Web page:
Is there a difference between chronic obstructive pulmonary disease and emphysema? What is the prognosis of this disease for a person on oxygen 24 hours a day?
The words “chronic obstructive pulmonary disease” (COPD) accurately describe the condition. It is a permanent condition in which the passage of air to and from the lungs becomes partially obstructed, leading to breathing difficulty.
Emphysema is one of the causes of COPD. You will find differing explanations of which diseases COPD comprises, but for all practical purposes, it is emphysema and chronic bronchitis. Smoking causes most cases of both these diseases; therefore, most COPD occurs as a result of smoking.
When you breathe, the oxygen in the air you inhale is exchanged for the carbon dioxide that you exhale. This exchange takes place in the alveoli, the tiny air sacs in the lungs located at the ends of the smallest airways, the bronchioles. Emphysema destroys the walls of the alveoli, in turn affecting the bronchioles and the very heart of the breathing process in the lungs.
Those portions of the lungs lose their elasticity, become sort of overstretched and enlarged. It is the enlargement that causes the airway obstruction and impairs the oxygen/carbon dioxide exchange. Some people with emphysema have difficulty inhaling and do not get enough oxygen into their blood. Others may also have trouble with exhalation and suffer a buildup of the waste gas, carbon dioxide, in their systems.
COPD cannot be cured or reversed and the progression cannot be stopped. However, there are numerous treatments, including oxygen, that can relieve the symptoms somewhat and make the patient more comfortable. Treatment may also help prevent conditions that may exacerbate COPD.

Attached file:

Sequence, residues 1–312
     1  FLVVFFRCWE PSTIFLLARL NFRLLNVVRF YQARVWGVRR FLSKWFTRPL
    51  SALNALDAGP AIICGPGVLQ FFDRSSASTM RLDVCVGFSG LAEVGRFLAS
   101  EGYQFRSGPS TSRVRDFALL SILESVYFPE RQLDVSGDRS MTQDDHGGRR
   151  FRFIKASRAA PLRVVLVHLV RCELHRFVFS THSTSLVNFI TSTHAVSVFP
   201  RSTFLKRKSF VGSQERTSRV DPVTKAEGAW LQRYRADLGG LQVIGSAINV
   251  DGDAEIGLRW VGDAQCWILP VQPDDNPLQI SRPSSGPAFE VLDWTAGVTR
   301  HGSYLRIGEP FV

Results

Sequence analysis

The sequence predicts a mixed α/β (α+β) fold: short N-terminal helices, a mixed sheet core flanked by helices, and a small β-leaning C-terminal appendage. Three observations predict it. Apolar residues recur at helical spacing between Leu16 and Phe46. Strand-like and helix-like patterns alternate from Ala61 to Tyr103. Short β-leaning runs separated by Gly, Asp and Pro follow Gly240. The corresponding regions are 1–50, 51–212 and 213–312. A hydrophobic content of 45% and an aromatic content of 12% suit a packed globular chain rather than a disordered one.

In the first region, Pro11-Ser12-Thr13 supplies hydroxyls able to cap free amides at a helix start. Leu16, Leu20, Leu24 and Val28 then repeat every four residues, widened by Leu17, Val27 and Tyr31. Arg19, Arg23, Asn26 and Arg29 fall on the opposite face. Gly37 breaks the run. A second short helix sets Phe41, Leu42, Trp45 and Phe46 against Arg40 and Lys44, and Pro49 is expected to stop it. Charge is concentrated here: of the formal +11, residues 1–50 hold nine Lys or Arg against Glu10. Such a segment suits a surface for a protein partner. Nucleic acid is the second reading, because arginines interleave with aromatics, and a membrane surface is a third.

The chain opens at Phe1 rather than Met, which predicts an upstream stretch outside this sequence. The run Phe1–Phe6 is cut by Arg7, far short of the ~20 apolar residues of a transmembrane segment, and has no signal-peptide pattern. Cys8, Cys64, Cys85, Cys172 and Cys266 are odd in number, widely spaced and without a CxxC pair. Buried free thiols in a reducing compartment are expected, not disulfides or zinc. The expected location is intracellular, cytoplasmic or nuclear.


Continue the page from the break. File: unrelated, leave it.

The primary treatment is to quit smoking. Preventing respiratory infections, such as influenza and pneumonia, is also important. Bronchodilator medications, such as those used to treat asthma, are commonly given for COPD.
An exercise program may be very helpful, along with exercises to strengthen the breathing muscles. Such a program must be carried out with medical supervision, of course. For severe cases of emphysema, there is a promising new surgical procedure called lung volume reduction surgery, in which the damaged portions of the lung are removed. Lung transplantation may be a treatment of last resort.
As to the prognosis for someone on round-the-clock oxygen, the best person to ask is the patient’s doctor. Without knowing the specifics of the individual’s case, I could only speculate on the health outcome.